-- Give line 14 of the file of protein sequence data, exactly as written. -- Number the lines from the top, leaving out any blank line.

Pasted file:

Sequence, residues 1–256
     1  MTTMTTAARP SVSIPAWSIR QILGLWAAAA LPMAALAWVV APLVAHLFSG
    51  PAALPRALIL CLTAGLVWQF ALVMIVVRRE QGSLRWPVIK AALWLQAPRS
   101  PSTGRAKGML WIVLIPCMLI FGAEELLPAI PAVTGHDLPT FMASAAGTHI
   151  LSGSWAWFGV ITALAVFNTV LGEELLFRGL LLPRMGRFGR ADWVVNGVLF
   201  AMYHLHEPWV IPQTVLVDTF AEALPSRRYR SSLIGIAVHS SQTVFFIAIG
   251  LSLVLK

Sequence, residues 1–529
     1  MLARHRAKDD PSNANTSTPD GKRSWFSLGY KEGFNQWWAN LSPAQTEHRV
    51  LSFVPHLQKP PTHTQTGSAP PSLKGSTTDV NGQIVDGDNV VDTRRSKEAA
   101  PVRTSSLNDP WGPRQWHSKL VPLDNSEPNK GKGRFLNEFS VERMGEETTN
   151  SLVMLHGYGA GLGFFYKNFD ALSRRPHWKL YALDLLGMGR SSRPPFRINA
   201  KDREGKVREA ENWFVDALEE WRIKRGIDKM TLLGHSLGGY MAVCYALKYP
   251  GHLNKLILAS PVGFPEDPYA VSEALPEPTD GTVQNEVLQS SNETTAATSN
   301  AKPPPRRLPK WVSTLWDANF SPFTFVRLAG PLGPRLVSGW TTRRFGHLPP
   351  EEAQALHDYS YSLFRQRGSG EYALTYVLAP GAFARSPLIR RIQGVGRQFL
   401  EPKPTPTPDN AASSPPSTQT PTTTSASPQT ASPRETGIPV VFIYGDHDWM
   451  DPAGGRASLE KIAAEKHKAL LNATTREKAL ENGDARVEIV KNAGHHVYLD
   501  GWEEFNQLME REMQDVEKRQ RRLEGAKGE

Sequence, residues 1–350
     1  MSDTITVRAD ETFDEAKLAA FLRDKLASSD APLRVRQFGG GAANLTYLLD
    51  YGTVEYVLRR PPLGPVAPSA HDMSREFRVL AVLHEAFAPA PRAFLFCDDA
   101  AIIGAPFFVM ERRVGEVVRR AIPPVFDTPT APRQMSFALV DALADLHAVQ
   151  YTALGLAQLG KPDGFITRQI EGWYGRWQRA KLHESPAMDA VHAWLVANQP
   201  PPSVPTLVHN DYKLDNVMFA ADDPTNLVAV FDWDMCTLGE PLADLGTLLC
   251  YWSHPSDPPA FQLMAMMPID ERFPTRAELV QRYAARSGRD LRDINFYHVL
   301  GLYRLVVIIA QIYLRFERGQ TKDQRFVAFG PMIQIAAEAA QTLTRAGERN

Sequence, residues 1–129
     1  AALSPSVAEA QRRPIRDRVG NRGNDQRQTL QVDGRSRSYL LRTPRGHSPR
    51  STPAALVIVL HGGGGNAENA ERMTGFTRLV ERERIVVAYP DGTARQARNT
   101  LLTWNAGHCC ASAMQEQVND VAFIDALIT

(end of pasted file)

   251  GHLNKLILAS PVGFPEDPYA VSEALPEPTD GTVQNEVLQS SNETTAATSN